The lack of a proper iPhone UnitTest Framework
One of the main reasons to do the iRow Project was my eager to try TDD on a real project from the beginning. Before starting any work, I made sure there were tools available to drive such a process. Based on my experiences from the .NET world, I made a list of requirements for my development environment (in no particular order):
- Rich Asserts (Equals, EqualsWithAccuracy, ObjectEquals, CollectionAsserts, throwsAsserts etc.)
- Fast execution speed
- Run tests inside the debugger
- Flexible test deployment (Simulator/Device)
- Isolation Framework available
- Result feedback via GUI tool or XCode integration
The natural choice was to go with the SenTestingKit provided by Apple. I was prepared to accept some shortcomings as I knew that UnitTest Integration for iPhone projects has just been released with iPhoneOS 3.0 SDK. It is a ported version of SenTe’s OCUnit and extends it with XCode integration. I followed this guide to set up my first test project. I really liked the tests beeing run as a part of my build process and getting instant feedback on test errors inside XCode.
SenTestingKit worked fine for Unit tests, however it has severe shortcomings in Integration testing. The most blocking problem was that I couldn’t get my IntegrationTests running inside the debugger. A real showstopper for me. To make things worse, Unit tests can only be executed when compiled for x86 via the “octest” test runner – no testing inside the Simulator. Integration tests only work on a real device, further complicating the process.
That’s why I started looking for alternatives. The first I came across was the Google Toolbox for Mac, that also offers a test framework for iPhone based on OCUnit. I learned it was the first test framework available for iPhone before the 3.0 SDK. Compared to SenTestingKit it can run tests on the device and inside the simulator and projects are build as normal CocoaTouch Applications, which in theory makes debugging easy. However, it seems test output can only be captured form the debugger console, which is not really what I think is comfortable.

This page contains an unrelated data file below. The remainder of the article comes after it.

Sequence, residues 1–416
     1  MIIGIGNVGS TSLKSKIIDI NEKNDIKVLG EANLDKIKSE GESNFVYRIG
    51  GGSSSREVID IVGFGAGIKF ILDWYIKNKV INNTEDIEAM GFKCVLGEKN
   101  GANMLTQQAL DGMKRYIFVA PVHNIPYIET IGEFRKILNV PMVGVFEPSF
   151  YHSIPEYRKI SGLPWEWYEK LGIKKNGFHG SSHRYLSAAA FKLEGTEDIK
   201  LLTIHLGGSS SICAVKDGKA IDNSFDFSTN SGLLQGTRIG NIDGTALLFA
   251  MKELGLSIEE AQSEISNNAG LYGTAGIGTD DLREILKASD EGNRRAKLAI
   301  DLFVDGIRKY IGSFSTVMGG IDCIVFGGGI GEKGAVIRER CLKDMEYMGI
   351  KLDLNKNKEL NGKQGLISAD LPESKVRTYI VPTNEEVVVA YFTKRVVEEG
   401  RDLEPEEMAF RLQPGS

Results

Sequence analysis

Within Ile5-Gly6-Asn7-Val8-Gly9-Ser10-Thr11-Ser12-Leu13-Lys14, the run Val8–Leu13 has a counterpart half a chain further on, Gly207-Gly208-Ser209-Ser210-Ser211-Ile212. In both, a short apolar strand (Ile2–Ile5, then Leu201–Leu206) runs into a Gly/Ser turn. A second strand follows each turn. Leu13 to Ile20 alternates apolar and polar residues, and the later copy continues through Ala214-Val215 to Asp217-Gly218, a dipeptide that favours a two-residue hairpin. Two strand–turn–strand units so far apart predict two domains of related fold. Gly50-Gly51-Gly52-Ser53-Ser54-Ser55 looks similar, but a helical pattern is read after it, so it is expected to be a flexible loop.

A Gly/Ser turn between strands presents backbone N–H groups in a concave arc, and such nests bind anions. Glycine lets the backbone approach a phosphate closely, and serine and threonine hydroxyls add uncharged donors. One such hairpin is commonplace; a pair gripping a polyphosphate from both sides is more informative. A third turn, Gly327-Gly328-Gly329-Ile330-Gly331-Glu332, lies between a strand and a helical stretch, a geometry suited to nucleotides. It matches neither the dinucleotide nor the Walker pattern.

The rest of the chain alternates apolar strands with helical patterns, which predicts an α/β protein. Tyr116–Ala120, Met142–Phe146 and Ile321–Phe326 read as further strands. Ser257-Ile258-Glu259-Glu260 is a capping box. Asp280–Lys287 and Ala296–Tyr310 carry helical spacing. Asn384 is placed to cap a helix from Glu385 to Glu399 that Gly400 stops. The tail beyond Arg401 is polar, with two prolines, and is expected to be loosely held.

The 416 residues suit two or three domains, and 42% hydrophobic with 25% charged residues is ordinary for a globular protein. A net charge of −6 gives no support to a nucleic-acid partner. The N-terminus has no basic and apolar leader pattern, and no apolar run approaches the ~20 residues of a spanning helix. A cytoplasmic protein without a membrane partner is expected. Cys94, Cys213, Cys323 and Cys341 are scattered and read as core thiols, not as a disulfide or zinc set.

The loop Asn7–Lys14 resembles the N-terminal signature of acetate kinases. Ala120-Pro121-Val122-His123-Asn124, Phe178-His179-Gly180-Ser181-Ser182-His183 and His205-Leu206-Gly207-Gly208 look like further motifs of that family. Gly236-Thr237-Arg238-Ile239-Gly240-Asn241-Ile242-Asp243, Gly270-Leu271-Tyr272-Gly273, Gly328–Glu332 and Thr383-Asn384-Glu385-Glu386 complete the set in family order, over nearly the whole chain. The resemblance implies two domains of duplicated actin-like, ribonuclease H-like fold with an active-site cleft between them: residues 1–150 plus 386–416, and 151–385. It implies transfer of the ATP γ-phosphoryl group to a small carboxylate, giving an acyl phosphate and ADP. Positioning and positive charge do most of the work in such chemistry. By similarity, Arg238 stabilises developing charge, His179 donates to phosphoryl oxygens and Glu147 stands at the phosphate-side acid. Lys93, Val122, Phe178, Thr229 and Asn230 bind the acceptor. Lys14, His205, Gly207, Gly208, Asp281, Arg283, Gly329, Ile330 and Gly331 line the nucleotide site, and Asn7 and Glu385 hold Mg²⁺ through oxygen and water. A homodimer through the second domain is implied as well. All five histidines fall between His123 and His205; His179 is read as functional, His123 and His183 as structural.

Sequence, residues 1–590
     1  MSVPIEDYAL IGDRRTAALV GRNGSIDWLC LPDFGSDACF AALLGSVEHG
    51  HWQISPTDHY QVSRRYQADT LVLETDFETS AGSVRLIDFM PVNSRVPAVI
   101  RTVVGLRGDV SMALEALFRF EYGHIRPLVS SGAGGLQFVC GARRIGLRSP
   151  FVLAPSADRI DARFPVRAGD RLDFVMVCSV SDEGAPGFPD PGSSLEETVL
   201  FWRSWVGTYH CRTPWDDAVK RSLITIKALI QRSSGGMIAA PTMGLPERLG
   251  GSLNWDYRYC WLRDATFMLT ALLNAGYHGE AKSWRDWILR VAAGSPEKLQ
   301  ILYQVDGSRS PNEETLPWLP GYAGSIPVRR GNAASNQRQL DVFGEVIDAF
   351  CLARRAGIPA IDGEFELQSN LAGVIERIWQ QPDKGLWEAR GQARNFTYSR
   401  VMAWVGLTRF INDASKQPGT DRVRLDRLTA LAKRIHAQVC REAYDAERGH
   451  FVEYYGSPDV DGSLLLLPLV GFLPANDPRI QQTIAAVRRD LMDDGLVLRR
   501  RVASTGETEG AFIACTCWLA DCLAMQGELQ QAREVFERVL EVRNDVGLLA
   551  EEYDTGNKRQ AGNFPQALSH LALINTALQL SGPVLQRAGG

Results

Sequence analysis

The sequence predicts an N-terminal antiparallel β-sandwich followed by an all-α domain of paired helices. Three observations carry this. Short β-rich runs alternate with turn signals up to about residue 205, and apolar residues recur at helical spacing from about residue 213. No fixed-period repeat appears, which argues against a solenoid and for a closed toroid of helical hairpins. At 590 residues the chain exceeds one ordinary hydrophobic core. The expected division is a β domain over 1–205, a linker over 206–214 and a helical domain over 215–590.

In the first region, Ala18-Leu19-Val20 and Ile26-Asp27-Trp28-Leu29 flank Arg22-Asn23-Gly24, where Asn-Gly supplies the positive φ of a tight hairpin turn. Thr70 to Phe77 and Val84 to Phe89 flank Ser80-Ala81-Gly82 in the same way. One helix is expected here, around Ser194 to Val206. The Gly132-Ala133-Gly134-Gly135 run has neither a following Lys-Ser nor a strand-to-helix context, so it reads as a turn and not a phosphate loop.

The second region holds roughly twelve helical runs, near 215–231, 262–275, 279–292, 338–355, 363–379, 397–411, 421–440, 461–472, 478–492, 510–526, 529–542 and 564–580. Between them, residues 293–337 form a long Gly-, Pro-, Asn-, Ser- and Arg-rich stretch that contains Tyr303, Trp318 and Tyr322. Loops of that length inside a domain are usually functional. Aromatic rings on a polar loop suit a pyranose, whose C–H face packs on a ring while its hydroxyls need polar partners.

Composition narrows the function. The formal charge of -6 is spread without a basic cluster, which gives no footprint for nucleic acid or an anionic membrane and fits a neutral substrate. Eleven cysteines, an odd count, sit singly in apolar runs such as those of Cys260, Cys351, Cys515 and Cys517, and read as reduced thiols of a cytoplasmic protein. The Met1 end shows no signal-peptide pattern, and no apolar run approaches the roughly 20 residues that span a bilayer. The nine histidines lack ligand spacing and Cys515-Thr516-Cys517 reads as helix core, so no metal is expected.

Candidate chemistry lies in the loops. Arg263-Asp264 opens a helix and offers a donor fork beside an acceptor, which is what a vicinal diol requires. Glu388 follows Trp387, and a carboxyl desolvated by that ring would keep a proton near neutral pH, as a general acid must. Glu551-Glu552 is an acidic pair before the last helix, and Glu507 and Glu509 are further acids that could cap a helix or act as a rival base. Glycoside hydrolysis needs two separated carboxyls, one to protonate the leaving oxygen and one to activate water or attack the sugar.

The next project I looked into was GHUnit by Gabriel Handford. It is based on GTM, so it has all the GTM goodies plus it provides a nice GUI (iPhone and Mac). That’s why I didn’t even try GTM but decided to go with GHUnit directly. There were other reasons that made GHUnit attractive to me.
- Well documented source
- Example project available, showing off the test GUI and running tests from buildscripts
- Sourcecode on github, making it easy for me to fork off fixing bugs and adapting to my needs
GHUnit also has its shortcommings, most of them beeing the same as they are for GTM. One of the them is missing XCode Integration but since GHUnit provides a nice GUI, I can live with that. None of the frameworks provides Isolation Framework integration. The only one I know of is OCMock.I will evaluate what to do about that in a future post and also provide some detail on fixes I do already have provided for GHUnit.